I am one of 2 guys working nights on my floor, and honestly, most complications come from patients and not from the fellow staff. I have always felt supported by my co-workers, but you always have those patients that assume you are a doctor because you are a man, or they assume that you want to go to medical school because you are a man. I just simply correct them, saying that I am a nurse, and shrug it off
On 3/3/2018 at 10:59 PM, nurse2bnoob101 said:I am coming with a degree already and thinking about doing nursing. I got into a program and I am not going to lie I am pretty intimidated by all the females in my class. Just walking into lecture and just seeing 98 percent females is intimidating. Just makes me feel lonely and that I am doing something wrong with my life per se. I can't relate. Anyone feel this way?
I am coming with a degree already and thinking about doing nursing. I got into a program and I am not going to lie I am pretty intimidated by all the females in my class. Just walking into lecture and just seeing 98 percent females is intimidating. Just makes me feel lonely and that I am doing something wrong with my life per se. I can't relate. Anyone feel this way?
Do not feel intimidated being the only male nurse. I was one of two males in my accelerated nursing program (nursing is my second career like others in this thread). As men, we are entering a field that has been predominantly female for a VERY long time. I've worked med surg and now ER. When I first started, there was one guy on each of the three shifts, I worked the evening shift (1500-2300). When I switched to ER, I was one of a few men again. There was one on days while I did nights. We have a male critical care float that comes to work ocassionaly. I switched to 1100-2300 for my ED.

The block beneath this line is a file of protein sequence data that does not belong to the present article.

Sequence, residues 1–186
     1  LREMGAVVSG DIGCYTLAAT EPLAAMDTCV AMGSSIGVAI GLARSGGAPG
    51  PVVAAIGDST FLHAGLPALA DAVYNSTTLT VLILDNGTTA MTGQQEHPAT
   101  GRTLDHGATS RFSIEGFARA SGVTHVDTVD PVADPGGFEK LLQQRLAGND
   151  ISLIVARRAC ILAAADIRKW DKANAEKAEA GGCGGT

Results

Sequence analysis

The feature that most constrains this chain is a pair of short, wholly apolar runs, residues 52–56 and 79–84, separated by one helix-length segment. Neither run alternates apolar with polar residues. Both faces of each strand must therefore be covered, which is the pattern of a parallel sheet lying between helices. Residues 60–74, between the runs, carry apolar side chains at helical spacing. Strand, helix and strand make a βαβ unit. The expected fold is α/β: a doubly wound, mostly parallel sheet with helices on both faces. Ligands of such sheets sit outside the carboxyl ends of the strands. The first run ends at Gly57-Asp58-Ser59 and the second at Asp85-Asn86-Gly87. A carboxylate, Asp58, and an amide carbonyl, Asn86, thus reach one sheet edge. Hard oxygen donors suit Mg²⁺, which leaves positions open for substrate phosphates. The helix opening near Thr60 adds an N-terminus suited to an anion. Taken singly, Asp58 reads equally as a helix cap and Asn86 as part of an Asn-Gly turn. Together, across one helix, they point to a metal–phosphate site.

Do I feel out of place? No. I've been told many times by patients through the five years I've worked they were excited that men were entering the nursing field. Some of my female patients felt more comfortable with me as their nurse. Do I feel I need to be careful around female patients? All the time. I always keep a door open or I have a chaperone.
To get back to your original post, I don't believe that you're doing something wrong. Nursing has been very good to me. Yes, it sucks that there isn't another testosterone-filled person to chill and talk with all the time. I have a secretary, registrar, and tech I can talk guy stuff with every now and then. I'll be honest it's lonesome at times, but you will be able to make relationships with your coworkers.
Just get through school. You started your journey to becoming a nurse. We need more male nurses in the profession. You won't be alone because there are other men in the profession already. Study hard!
The only time I felt out of place in my program is OB. My CI was an idiot and kept assigning me to woman who for religious reasons didn't want a man examining them. Even though I totally respect the client's choice the way my CI handled it was just poor. Beyond that I've been lucky to have amazing women in my cohort who are going to be fantastic nurses.
ThatChickOmi, ADN, RN
Interesting reading about the other side, as a female. Two of my few nursing school friends are male, but I never really thought about what may go through a male students head in a class that is almost all female.In my class, there are 6 dudes out of like 60 something total people. The class behind us (Class of 2020) actually has quite a few men. Easily like 15ish out of a similar number of students. I personally like the fact that nursing is starting to change and it's no longer viewed as a "female" job. It's nice too because some patients prefer a male being their nurse for modesty reasons, male perspective, etc.
I've been on the other side too. I'm about to graduate nursing school, but my long-time occupation has been driving a box truck and I'm the lone female in the sausage fest. But I don't mind it, we all get along great, and we try to have fun.
By using the site, you agree with our Policies. X